Physiological functions of osmolality and calcium ions on the initiation of sperm motility and swimming performance in redside dace, Clinostomus elongatus

Ian A. E. Butts, Sayyed Mohammad Hadi Alavi, Ali Mokdad, Trevor E. Pitcher

Research output: Contribution to journalJournal articleResearchpeer-review

Abstract

Reproductive potential of fish stocks is critically dependent on sperm performance in an aquatic environment. The aim of this study is to test hypotheses, which govern the initiation of sperm motility and swimming performance, through physiological functions of osmolality and Ca2+ ion, in a threatened species of freshwater fish, the redside dace, Clinostomus elongatus. Spermatozoa motility was activated in either ionic or non-ionic media spanning a range of osmolalities. The role of Ca2+ channels on induction of spermatozoa motility and velocity was experimentally investigated by diluting sperm in media that contain various Ca2+ channel blockers. Results show that initiation of spermatozoa motility is a hypo-osmolality dependent mechanism. Inhibitors for L-type Ca2+ channels partially prohibited initiation of spermatozoa motility, while velocity was significantly reduced in both L-type and T-type Ca2+ channel blockers. Examination using W-7, an inhibitor for Ca2+-dependent calmodulin, showed significant decreases in spermatozoa motility and velocity. Involvement for Ca2+ in axonemal beating was confirmed by significant increases in velocity after adding Ca2+ into the activation media, while motility remained unchanged in Ca2+ supplemented activation media. Together, these findings suggest the involvement of Ca2+ in hypo-osmolality-dependent initiation of spermatozoa motility mediated by activation of Ca2+ binding protein in the axoneme of a freshwater fish sperm. Blocking Ca2+ exchange through L- or T-type Ca2+ channel influences flagellar beating force and leads to decrease in spermatozoa velocity. (C) 2013 Elsevier Inc. All rights reserved.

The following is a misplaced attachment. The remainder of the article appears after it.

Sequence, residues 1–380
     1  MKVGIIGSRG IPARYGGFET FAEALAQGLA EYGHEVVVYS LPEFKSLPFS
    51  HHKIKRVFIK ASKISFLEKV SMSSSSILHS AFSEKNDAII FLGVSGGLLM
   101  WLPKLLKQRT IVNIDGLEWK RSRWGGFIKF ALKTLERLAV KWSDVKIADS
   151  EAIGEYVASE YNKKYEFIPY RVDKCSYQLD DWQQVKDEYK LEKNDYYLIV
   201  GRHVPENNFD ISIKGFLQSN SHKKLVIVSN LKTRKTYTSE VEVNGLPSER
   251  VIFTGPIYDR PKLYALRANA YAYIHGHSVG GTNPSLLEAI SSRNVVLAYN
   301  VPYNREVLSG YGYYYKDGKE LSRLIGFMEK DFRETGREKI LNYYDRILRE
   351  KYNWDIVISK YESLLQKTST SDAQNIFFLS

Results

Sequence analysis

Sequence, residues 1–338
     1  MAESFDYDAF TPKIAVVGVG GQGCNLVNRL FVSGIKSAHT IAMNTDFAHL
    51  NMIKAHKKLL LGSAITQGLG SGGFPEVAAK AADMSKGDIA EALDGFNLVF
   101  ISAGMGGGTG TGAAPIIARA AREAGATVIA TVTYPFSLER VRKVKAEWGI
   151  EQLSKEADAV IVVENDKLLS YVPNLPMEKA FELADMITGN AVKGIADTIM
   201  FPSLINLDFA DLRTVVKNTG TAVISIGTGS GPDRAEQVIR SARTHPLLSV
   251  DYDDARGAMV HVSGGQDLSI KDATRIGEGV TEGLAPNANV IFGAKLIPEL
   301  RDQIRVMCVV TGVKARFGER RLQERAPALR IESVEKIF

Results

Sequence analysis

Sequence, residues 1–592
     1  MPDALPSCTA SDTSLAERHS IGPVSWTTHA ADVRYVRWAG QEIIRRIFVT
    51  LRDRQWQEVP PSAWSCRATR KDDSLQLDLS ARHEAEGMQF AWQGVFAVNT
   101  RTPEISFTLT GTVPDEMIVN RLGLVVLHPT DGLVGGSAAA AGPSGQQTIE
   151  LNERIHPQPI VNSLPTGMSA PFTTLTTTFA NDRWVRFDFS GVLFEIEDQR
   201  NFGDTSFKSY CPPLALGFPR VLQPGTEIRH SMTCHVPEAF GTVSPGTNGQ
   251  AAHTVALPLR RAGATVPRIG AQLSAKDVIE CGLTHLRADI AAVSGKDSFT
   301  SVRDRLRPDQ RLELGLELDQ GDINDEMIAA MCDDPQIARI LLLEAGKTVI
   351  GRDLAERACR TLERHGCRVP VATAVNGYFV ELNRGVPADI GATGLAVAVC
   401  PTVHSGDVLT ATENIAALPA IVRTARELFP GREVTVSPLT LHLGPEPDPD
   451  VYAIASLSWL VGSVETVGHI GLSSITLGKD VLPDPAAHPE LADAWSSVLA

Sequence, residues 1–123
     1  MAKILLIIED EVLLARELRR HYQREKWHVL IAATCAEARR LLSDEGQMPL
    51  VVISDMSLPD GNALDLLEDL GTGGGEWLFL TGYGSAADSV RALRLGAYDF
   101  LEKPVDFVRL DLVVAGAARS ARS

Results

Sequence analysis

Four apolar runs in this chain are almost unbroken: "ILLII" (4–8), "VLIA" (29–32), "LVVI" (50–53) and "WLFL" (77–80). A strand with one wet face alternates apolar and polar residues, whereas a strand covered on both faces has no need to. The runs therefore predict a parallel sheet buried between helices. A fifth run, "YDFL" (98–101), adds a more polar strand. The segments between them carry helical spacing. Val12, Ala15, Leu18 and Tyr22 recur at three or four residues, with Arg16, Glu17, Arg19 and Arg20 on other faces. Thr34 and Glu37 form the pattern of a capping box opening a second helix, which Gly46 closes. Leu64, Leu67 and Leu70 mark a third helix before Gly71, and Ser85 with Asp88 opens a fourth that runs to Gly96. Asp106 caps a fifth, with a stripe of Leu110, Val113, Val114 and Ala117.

Original languageEnglish
JournalComparative Biochemistry and Physiology - Part A: Molecular & Integrative Physiology
Volume166
Issue number1
Pages (from-to)147-157
ISSN1095-6433
DOIs
Publication statusPublished - 2013
Externally publishedYes

Keywords

  • Ca2+ channel blocker
  • Osmolality
  • Ion
  • Sperm
  • Cyprinid
  • Reproduction
  • FISH reproduction
  • Animals
  • Calcium
  • Calcium Channel Blockers
  • Cyprinidae
  • Ions
  • Kinetics
  • Male
  • Osmolar Concentration
  • Rivers
  • Sperm Motility
  • Swimming
  • SY7Q814VUP Calcium
  • BIOCHEMISTRY
  • PHYSIOLOGY
  • ZOOLOGY
  • CARP CYPRINUS-CARPIO
  • FRESH-WATER TELEOSTS
  • SALMONID FISH SPERM
  • OUTER ARM DYNEIN
  • COMMON CARP
  • SEMINAL PLASMA
  • RAINBOW-TROUT
  • SPERMATOZOA
  • POTASSIUM
  • CHANNELS
  • axonemal beating
  • cell motility
  • endanger species
  • osmolality
  • physiological function
  • reproductive potential
  • swimming performance
  • Pisces Vertebrata Chordata Animalia (Animals, Chordates, Fish, Nonhuman Vertebrates, Vertebrates) - Osteichthyes [85206] Clinostomus elongatus species redside dace common mature protected species male
  • calcium channel
  • calcium ion 14127-61-8
  • L-type calcium ion channel
  • W-7 259104-93-3 Ca2+-dependent calmodulin inhibitor
  • 00512, General biology - Conservation and resource management
  • 07002, Behavioral biology - General and comparative behavior
  • 07003, Behavioral biology - Animal behavior
  • 07502, Ecology: environmental biology - General and methods
  • 07516, Ecology: environmental biology - Wildlife management: aquatic
  • 10060, Biochemistry studies - General
  • 10069, Biochemistry studies - Minerals
  • 10508, Biophysics - Membrane phenomena
  • 16504, Reproductive system - Physiology and biochemistry
  • Conservation
  • flagella
  • sperm reproductive system
  • spermatozoa reproductive system
  • Behavior
  • Biochemistry and Molecular Biophysics
  • Reproductive System
  • Wildlife Management
  • calcium binding protein
  • calcium ion
  • calmodulin
  • article
  • axoneme
  • Clinostomus elongatus
  • controlled study
  • Cypriniformes
  • flagellum
  • freshwater fish
  • nonhuman
  • performance
  • spermatozoon motility
  • swimming
  • velocity

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